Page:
The UK government is undertaking a three-year pilot designed to accelerate the rollout of broadband and mobile in rural areas. The Fibre in Water scheme is also attempting to reduce leakage from the public water supply – about 20 per cent of the water in the system.
The government is putting up to £4 million (€4.71 million) for innovators to test potentially faster, cheaper ways to deploy fibre to hard to reach areas. The government says civil works, in particular new ducts or poles, can make up as much as 80 per cent of the cost of building out gigabit-capable broadband.
The government says the scheme could “turbocharge” its £5 billion Project Gigabit plan, which has been watered down to £1.25 billion available during this Parliament, up the next General Election. It also referenced its £1 billion support for the Shared Rural Network.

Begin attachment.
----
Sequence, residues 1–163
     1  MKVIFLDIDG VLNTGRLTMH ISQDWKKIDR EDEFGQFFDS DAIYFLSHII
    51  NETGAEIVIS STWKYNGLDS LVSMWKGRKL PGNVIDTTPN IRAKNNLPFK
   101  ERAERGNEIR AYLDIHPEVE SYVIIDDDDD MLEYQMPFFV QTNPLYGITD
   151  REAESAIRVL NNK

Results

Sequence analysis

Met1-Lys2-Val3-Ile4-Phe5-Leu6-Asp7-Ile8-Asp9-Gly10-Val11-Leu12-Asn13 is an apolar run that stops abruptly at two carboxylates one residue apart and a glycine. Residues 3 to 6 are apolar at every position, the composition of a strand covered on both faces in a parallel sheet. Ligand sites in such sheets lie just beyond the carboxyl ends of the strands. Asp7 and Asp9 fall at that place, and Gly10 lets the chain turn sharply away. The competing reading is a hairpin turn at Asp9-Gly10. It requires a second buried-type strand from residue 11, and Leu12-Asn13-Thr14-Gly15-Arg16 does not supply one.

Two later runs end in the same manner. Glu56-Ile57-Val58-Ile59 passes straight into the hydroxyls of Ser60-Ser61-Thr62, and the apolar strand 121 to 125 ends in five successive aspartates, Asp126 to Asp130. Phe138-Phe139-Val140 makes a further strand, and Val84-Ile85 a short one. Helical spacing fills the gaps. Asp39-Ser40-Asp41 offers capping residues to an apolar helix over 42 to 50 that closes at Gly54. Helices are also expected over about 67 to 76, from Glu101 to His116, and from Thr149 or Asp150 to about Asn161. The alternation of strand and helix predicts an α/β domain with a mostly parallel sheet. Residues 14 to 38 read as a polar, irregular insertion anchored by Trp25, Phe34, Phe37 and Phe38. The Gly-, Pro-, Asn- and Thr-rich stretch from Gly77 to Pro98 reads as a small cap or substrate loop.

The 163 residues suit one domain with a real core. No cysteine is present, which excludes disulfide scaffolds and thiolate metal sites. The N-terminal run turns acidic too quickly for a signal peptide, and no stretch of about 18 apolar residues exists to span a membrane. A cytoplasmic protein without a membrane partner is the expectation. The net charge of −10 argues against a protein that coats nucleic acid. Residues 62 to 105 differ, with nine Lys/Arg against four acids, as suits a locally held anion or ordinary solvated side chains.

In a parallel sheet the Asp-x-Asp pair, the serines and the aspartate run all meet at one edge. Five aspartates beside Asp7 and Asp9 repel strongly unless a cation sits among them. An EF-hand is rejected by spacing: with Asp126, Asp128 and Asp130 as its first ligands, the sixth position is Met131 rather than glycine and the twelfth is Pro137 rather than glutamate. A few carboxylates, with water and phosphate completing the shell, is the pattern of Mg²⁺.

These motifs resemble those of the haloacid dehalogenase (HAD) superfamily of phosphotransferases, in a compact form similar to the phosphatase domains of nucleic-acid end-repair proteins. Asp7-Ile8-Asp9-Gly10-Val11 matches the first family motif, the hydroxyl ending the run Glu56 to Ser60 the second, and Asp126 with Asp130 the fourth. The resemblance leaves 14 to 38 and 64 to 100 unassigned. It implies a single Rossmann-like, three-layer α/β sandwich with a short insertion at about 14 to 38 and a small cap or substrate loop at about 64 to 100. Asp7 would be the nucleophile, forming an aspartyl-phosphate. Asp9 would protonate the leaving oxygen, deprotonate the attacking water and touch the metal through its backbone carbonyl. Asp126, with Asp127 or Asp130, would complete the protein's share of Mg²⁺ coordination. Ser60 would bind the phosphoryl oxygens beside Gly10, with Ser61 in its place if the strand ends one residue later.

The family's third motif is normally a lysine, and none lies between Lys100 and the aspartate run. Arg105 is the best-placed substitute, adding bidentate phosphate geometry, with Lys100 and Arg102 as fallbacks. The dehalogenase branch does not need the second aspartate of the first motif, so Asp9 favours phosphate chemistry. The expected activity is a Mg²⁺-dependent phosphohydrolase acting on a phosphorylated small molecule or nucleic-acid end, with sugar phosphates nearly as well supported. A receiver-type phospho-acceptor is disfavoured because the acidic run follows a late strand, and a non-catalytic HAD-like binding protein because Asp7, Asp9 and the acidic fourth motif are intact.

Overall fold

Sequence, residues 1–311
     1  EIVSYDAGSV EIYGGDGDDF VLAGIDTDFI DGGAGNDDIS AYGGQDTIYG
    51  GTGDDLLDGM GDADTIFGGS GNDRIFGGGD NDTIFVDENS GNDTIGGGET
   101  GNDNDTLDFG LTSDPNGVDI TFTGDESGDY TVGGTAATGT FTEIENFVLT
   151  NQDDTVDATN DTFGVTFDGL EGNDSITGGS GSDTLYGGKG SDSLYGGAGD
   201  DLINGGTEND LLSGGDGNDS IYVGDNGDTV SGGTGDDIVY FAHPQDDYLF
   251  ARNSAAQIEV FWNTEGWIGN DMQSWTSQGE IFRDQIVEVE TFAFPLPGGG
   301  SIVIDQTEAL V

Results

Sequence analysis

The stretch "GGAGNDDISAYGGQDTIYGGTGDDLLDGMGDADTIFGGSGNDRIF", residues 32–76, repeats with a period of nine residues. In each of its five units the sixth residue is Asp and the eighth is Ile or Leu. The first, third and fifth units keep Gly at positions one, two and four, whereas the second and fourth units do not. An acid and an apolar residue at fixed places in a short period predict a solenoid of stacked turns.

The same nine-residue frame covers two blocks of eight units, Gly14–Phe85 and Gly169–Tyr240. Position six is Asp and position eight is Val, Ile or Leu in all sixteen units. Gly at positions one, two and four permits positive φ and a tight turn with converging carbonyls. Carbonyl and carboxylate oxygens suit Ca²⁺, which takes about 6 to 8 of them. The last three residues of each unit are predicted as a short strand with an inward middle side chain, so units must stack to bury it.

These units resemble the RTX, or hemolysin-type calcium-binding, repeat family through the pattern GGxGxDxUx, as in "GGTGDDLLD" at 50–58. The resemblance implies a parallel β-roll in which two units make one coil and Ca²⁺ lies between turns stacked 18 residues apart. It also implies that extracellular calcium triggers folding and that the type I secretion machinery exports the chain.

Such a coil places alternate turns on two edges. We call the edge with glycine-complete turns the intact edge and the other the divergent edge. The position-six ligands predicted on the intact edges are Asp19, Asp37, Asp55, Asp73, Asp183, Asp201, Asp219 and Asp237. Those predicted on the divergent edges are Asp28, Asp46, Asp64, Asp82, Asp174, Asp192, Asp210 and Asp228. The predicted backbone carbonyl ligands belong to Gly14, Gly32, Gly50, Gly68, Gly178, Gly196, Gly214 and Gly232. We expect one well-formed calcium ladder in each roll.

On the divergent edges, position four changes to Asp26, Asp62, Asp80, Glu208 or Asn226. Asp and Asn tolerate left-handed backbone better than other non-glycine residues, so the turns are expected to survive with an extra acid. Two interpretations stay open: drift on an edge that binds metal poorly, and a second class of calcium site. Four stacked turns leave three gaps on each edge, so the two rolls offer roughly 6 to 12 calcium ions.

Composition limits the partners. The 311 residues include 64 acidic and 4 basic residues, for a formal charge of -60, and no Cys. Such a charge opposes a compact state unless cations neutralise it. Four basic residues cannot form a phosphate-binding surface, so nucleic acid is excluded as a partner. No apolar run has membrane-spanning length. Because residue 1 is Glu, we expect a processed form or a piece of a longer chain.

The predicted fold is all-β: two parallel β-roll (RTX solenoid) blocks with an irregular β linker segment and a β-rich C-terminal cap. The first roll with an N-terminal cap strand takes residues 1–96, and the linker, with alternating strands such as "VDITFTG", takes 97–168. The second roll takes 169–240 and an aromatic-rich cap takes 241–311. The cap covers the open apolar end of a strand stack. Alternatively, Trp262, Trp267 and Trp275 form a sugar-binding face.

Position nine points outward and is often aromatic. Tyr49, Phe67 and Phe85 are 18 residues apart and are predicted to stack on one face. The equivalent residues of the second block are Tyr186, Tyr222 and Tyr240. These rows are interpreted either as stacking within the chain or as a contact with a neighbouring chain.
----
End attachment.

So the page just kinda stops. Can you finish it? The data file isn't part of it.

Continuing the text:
Digital Infrastructure Minister Matt Warman said: “The cost of digging up roads and land is the biggest obstacle telecoms companies face when connecting hard-to-reach areas to better broadband, but beneath our feet there is a vast network of pipes reaching virtually every building in the country.”
The government is already considering giving broadband firms access to more than a million kilometres of underground utility ducts to boost the rollout of next-generation broadband – including electricity, gas and sewer networks – and will soon respond to a consultation on changing regulations to make infrastructure sharing easier.